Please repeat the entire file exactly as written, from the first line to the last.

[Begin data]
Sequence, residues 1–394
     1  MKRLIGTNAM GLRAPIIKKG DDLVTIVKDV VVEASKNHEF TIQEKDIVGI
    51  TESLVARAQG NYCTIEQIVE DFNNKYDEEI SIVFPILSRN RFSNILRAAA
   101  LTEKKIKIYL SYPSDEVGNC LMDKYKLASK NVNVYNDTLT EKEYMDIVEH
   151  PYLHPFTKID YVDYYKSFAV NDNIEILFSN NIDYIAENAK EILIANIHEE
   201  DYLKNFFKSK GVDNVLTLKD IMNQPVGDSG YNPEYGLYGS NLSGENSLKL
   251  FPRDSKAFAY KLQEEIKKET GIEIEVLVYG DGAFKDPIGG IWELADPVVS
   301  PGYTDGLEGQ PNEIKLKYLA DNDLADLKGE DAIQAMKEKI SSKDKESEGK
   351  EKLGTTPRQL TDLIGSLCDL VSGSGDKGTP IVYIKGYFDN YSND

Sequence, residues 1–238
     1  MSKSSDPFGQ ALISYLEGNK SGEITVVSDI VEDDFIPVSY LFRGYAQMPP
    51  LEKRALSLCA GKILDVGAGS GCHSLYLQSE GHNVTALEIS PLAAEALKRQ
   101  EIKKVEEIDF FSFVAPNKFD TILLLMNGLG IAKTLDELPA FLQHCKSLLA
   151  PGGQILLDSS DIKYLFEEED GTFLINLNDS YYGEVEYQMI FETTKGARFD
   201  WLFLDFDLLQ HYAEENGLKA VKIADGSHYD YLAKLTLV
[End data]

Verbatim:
Sequence, residues 1–394
     1  MKRLIGTNAM GLRAPIIKKG DDLVTIVKDV VVEASKNHEF TIQEKDIVGI
    51  TESLVARAQG NYCTIEQIVE DFNNKYDEEI SIVFPILSRN RFSNILRAAA
   101  LTEKKIKIYL SYPSDEVGNC LMDKYKLASK NVNVYNDTLT EKEYMDIVEH
   151  PYLHPFTKID YVDYYKSFAV NDNIEILFSN NIDYIAENAK EILIANIHEE
   201  DYLKNFFKSK GVDNVLTLKD IMNQPVGDSG YNPEYGLYGS NLSGENSLKL
   251  FPRDSKAFAY KLQEEIKKET GIEIEVLVYG DGAFKDPIGG IWELADPVVS
   301  PGYTDGLEGQ PNEIKLKYLA DNDLADLKGE DAIQAMKEKI SSKDKESEGK
   351  EKLGTTPRQL TDLIGSLCDL VSGSGDKGTP IVYIKGYFDN YSND

Sequence, residues 1–238
     1  MSKSSDPFGQ ALISYLEGNK SGEITVVSDI VEDDFIPVSY LFRGYAQMPP
    51  LEKRALSLCA GKILDVGAGS GCHSLYLQSE GHNVTALEIS PLAAEALKRQ
   101  EIKKVEEIDF FSFVAPNKFD TILLLMNGLG IAKTLDELPA FLQHCKSLLA
   151  PGGQILLDSS DIKYLFEEED GTFLINLNDS YYGEVEYQMI FETTKGARFD
   201  WLFLDFDLLQ HYAEENGLKA VKIADGSHYD YLAKLTLV